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What are solar cells made up of
A frequently asked question is what solar cells are actually made of, and how they are made. After all, solar panels themselves are made up of multiple solar cells, all of which work to absorb the sunlight and convert it into electricity. This page takes you through what solar cells are, how they are made, and the different materials that they can be made up of.
What Are Solar Cells?
Solar cells are also known as photovoltaic cells (PV), which work to generate electricity directly from sunlight. This is different to photovoltaic thermal cells (PVT), which work to provide heat for water in the home. Photovoltaic cells are connected electrically, and neatly organised into a large frame that is known as a solar panel. The actual solar cells are made of silicon semiconductors that absorb sunlight and then convert it into electricity.
Currently, solar panels that are used for domestic purposes are only able to take around 20% of the sunlight that they receive and turn it into electricity. This is what is known as solar efficiency. There are several other forms of solar cell available that are used for commercial and industrial purposes. These are able to have an efficiency rating of up to 40%, but they do tend to be more expensive than domestic models.
One of the great things about solar technology is the fact that advances in the field are constantly being made, raising the overall quality and efficiency. It is expected that this will only increase with further research and development. Similarly, as these aspects increase, the price of solar panels is expected to keep falling – making them available to a much wider number of people.
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How Solar Cells Are Made
Stage One: Purifying the silicon The silicon dioxide is placed into an electric arc furnace. Next, a carbon arc is applied in order to release the oxygen. The resulting products are carbon dioxide and molten silicon. This will yield silicon that only has 1% impurity, which is useful in a number of industries. However, it is not yet pure enough for solar cells. The silicon, currently at 99% purity, is not purified even further using something called the floating zone technique. A rod of impure silicon is passed through a heated zone several times in the same direction. What the procedure does is drag the impurities towards one end with each pass. At a certain point, the silicon will be deemed pure, and the impure end will be removed.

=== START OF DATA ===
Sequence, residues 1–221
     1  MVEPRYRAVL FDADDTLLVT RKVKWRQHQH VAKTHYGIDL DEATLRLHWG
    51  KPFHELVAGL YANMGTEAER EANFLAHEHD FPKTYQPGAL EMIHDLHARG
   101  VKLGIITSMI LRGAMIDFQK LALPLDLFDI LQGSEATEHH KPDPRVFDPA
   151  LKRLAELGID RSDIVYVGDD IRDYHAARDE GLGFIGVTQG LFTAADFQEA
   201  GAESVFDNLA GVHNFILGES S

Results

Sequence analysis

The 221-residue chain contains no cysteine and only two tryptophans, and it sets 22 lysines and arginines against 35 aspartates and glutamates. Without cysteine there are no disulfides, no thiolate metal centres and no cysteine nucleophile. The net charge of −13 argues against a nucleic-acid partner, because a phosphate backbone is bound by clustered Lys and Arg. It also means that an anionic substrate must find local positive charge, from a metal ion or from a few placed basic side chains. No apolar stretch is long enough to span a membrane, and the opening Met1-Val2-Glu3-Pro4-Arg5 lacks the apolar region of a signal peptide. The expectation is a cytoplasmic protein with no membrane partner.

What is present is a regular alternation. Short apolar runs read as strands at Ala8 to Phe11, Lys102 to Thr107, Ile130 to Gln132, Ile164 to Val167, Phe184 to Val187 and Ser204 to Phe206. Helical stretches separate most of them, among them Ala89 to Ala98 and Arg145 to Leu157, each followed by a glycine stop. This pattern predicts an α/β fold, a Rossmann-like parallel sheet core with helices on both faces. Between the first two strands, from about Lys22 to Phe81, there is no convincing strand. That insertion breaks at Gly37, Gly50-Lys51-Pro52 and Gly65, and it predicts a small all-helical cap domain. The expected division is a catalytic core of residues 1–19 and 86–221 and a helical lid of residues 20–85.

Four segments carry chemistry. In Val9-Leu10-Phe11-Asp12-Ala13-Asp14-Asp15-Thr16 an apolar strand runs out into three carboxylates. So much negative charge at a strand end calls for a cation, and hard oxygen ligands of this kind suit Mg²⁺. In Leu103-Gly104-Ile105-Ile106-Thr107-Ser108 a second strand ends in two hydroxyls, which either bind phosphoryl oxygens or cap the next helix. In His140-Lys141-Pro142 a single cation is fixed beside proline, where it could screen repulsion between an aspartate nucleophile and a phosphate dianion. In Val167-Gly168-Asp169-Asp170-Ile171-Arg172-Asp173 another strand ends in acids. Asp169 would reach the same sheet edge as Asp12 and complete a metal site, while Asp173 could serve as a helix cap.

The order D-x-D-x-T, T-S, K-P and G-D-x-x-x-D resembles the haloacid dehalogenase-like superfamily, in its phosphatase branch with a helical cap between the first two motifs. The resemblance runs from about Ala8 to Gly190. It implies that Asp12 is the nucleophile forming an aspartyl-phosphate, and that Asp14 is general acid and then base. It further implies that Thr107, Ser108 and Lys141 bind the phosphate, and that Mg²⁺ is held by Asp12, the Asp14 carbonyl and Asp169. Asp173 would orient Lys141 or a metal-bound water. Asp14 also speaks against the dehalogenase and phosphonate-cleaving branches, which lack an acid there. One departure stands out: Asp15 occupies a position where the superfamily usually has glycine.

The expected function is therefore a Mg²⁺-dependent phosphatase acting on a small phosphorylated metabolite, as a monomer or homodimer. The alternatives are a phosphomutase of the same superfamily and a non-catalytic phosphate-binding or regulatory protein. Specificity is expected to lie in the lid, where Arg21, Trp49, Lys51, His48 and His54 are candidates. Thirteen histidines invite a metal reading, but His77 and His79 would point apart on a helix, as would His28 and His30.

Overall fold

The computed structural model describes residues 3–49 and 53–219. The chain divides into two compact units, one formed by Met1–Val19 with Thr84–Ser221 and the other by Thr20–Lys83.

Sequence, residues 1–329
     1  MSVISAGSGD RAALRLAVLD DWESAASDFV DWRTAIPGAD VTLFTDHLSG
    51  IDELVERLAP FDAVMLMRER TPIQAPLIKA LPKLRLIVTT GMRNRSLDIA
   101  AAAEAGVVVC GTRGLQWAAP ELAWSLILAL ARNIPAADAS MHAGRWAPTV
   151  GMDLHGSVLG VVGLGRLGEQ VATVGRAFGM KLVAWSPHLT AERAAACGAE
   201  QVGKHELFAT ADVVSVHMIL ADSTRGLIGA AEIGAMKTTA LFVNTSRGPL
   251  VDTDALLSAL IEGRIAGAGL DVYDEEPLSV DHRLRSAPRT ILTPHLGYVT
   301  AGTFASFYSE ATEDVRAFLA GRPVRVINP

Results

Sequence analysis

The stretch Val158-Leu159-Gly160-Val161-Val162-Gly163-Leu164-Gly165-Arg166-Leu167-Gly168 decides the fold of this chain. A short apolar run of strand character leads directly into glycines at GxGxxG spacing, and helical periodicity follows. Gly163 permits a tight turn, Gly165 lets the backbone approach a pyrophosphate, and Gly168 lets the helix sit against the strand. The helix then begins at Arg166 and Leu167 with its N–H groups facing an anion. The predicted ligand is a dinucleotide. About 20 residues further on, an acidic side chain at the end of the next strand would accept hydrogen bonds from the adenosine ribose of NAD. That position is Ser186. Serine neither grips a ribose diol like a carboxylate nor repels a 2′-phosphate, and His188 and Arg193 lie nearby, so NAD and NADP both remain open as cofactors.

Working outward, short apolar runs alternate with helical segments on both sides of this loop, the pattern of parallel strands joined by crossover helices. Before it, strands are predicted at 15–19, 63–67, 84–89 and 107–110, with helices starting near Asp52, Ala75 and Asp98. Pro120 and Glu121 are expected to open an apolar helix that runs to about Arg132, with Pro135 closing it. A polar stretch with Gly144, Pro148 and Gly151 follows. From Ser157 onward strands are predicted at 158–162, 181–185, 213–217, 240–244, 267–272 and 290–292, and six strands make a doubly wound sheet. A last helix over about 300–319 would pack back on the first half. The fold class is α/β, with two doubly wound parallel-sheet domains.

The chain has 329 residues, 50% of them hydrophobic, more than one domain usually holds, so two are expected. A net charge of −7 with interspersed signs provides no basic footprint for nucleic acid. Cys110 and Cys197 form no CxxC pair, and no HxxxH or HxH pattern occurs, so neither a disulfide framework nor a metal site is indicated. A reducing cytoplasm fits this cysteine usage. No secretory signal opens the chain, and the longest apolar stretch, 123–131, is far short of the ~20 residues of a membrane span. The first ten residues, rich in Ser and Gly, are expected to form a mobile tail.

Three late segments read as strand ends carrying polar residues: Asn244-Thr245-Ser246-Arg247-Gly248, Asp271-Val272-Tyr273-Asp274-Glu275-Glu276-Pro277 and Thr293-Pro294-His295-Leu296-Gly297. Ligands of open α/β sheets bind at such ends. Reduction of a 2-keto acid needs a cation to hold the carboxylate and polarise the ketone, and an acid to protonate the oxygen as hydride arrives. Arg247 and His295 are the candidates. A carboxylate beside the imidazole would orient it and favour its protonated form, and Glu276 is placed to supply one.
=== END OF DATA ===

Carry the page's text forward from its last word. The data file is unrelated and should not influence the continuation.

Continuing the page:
Stage Two: Making single crystal silicon Solar cells are made from silicon boules. These are polycrystalline structures that have the atomic structure of a single crystal. The most commonly used method for the creation of the boule is known as the Czochralski method. During this process, a seed crystal of silicon is dipped into melted polycrystalline silicon. As the seed crystal is withdrawn, it is rotated, which means a cylindrical ingot, which is the boule, of silicon, is formed. The ingot is completely pure, as all impurities are left in the liquid.
Stage Three: Making silicon wafers Silicon wafers from the boule are sliced individually using a circular saw, the inner diameter of which cuts into the rod. A diamond saw is best for slicing, producing a cut that is as wide as the wafer. Around one-half of the silicon is lost from the boule to the finished circular wafer, although more can be lost is the wafer is cut into a rectangular or hexagonal shape. These shapes are sometimes used in solar cells because they can be fitted together perfectly, utilising all of the available space on the surface of the solar cell. Next, the wafers are polished to remove any saw marks, although some manufacturers have chosen to leave these marks as it has been found that rougher cells may absorb light more effectively.